Follow Mike as he takes on an incredible challenge cycling from
Great first day. Left Lands End at 9.45am after obligatory photos, with strong crosswind the first 20 miles but this died down once we got inland and there was a nice temperature throughout day.
Got to Truro around 1pm and was delighted to meet Nick the Big Issue vendor there. Nick and his dog Bryony have been selling for 12 years outside M&S following Nick badly breaking his leg and finding it difficult to get other work, and he is proud to still be selling. I gladly purchased this week’s mag- proof that it has truly national appeal and distribution.
Some big hills in the afternoon but got safely to Liskeard around 5pm. Tomorrow, we’ll be crossing Dartmoor.
74 miles covered and 5,500 ft climbing today.
It's all about the hills today, including an energy sapping but exhilarating climb over Dartmoor rewarded with fantastic views at the top. After dropping down into Exeter (max speed 46mph according to my GPS device) things got flatter and I eventually got to Taunton about 5.30pm. Will sleep well tonight!
87 miles covered today and 6,700 ft of climbing.
Days 3 and 4
Thursday (day 3) was a (slightly) easier day, passing through Cheddar Gorge, Clifton Suspension Bridge and Ashton Court Estate. Yesterday (day 4) was a looooong run up from Bristol to Shrewsbury, just over 100 miles. I was happy to be at the rear of the peleton with a charming group comprising of Mike, David, Jo and Sarah, taking our time. Highlights were Severn Bridge, Tintern Abbey (never had a cream tea at 9.30 in the morning before) and the amazingly pretty Wye Valley up to Hereford. A few more hills appeared in Shropshire before we finally dropped into Shrewsbury quite late. Touch wood the body and the bike are both holding up so I shall continue the "go steady" strategy for now.
Saturday's stage was an 80+ mile ride from Shrewsbury, passing over the Cheshire plain and up through Warrington and Wigan to Preston, a lot easier on the legs than the previous few days though often lacking the spectacular views we have experienced since leaving Lands End. Highlight of the day has to be getting a blue light escort into Warrington town centre from a WPC in a police car who we got talking to at some traffic lights. Good to know HM Constabulary still has a sense of humour.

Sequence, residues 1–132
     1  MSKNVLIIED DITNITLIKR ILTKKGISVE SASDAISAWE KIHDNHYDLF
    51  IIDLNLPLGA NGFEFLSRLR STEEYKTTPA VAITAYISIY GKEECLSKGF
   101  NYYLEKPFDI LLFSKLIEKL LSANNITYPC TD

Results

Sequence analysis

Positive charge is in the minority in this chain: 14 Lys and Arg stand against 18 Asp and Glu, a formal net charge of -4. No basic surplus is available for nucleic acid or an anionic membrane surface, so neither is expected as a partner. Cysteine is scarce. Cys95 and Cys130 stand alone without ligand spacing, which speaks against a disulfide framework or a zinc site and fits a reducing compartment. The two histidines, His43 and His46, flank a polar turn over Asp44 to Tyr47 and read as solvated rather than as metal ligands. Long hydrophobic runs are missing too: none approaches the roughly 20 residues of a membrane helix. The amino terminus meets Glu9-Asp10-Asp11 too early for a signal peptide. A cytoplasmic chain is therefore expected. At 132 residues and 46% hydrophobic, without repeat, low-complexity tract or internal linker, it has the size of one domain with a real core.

Today was a 94 mile run up through Lancashire and Cumbria, taking in Lancaster, Kendal, a mist covered Shap Fell and Penrith before finishing at Carlisle. Great views across to the Lake District at times. Felt good all day until the last hour or so when I started to feel the pace and was hanging on at the end.
I felt a bit rough first thing but was back to my chipper self once I got riding as we finally crossed into Scotland. Spent most of the day in Ayrshire with dodgy road surfaces and a brisk westerly wind but ended at Kilmarnock feeling pretty strong considering another 95 miles done and 600 miles covered in 7 consecutive days. The Highlands now beckon.
Most enjoyable 80 miler today which split into equal halves. Morning ride up the coast from Kilmarnock with stunning views across the Clyde estuary to Arran. Stopped for scooby snacks at Nardinis in Larg which fuelled a mad dash to the ferry for Dunoon.
Once across the water it was a different and tranquil atmosphere, with rippling lochs and lush vegetation as we grazed the Trossachs National Park. Later we dropped down to Loch Fyne with tonights stop at Inverary visible only a mile across the water even though we still had 15 miles to cycle right round the bottom end. Lovely riding not spoiled by overcast and drizzly conditions.